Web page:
However I have no doubt in the value proposition of wingfoiling. Lately I've also been challenging myself in different locations and conditions, and I have found myself in situations where I have been a bit uncomfortable with the amount of risk. Specifically in going out in ocean swell where I might end up quite far out. If something goes wrong with the kite out there I don't have many options but a long swim, and my 85cm pocket board is of no use to me, whereas a bigger board like a sup could be pretty helpful. I suppose even a floaty prone foiling board would be preferable in that situation. Also there are conditions where I wouldn't even think of going out in a kite, but with a wing it could definitely be viable, specifically when it's offshore, with sketchy launches etc, and that's where the wing really shines.

I'm very open to experiment, and have been curious about the wing since it came out. In the end I've succumbed to this curiosity. Recently I got a great deal on a 5'5" 104l wavechaser SUP, nearly new for just over half price - so if I don't like it I can sell it and get my money back. That was the trigger to finally try this sport out, so I also pulled the trigger on a f-one swing 4.2. Yesterday I thought I'd try something I've always been curious about, flying a SUP with kite. In thought I'd get a feeling for the board with the more familiar means of propulsion. That was a big failure. Getting standing on a tiny SUP, managing a kite in the air, keeping standing and balanced on the board, diving the kite to get going is very, very hard! At least at my sup level. Being a bit underpowered didn't make it any easier. Nor does the fact that this board has a lousy excuse for a deckpad. But these are just excuses! My setup is actually able to float on its side, so a regular waterstart might have been an option if I wasn't underpowered.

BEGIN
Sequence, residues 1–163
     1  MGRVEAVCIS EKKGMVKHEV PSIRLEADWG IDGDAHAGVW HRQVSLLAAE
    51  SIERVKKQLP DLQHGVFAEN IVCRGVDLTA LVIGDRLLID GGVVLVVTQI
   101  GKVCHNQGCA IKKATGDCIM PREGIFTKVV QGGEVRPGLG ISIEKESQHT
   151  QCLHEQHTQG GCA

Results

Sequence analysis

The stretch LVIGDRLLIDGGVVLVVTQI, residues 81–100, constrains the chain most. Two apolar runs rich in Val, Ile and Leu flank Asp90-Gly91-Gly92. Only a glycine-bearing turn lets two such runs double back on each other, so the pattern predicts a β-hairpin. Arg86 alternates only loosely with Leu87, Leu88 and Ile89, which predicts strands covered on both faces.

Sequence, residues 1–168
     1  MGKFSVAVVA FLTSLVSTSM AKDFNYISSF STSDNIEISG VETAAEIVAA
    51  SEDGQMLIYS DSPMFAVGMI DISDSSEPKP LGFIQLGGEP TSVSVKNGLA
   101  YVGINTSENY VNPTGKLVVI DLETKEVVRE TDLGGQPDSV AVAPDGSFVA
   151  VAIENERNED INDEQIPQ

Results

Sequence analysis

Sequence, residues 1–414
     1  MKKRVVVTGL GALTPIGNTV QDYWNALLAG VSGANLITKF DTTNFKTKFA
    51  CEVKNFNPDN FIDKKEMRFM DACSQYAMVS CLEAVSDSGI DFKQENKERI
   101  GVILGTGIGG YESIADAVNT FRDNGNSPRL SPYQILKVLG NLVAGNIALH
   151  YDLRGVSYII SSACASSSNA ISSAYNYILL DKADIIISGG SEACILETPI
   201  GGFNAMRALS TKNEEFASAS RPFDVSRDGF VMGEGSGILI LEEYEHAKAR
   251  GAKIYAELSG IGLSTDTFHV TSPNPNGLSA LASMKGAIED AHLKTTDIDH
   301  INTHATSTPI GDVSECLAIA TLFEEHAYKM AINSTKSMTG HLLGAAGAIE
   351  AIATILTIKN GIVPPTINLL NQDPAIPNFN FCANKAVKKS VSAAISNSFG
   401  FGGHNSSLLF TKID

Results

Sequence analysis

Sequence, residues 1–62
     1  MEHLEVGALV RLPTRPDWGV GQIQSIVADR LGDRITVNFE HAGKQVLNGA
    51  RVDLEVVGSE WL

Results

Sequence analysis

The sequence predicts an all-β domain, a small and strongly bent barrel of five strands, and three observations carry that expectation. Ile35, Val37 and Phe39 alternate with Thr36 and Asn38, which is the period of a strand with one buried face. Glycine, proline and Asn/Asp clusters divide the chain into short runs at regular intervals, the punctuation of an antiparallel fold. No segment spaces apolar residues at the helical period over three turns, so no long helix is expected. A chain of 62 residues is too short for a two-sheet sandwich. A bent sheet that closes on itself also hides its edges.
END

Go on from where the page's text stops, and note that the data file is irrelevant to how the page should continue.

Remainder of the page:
Anyway the takehome was that sup plus kite doesn't really work. What's more, it was enough of a reality check that wingfoiling really is a different sport, with its own learning curve, which may be longer than I first thought. I'm hoping that the process of getting from kneeling to standing to riding is easier when holding a wing and the power of the wing provides some balance.

I can't say I'm not having my second thoughts about this - I'm probably going to have to give up a bunch of very fun 18-20 knot (which is what I thinks is probably good learning wind with the 4.2 wing) kitefoiling sessions on the 3.7 cloud to learn this sport! Anyway at least at the end I'll hopefully be able to answer the question posted by the OP for myself, first hand, and not have to take anyone else word for it! :)

I'll report back my findings if I have any!

Here's my setup, the board plus Cloud 9 X32 wing, which I haven't had much use for kiting.
IMG_20200222_154213.jpg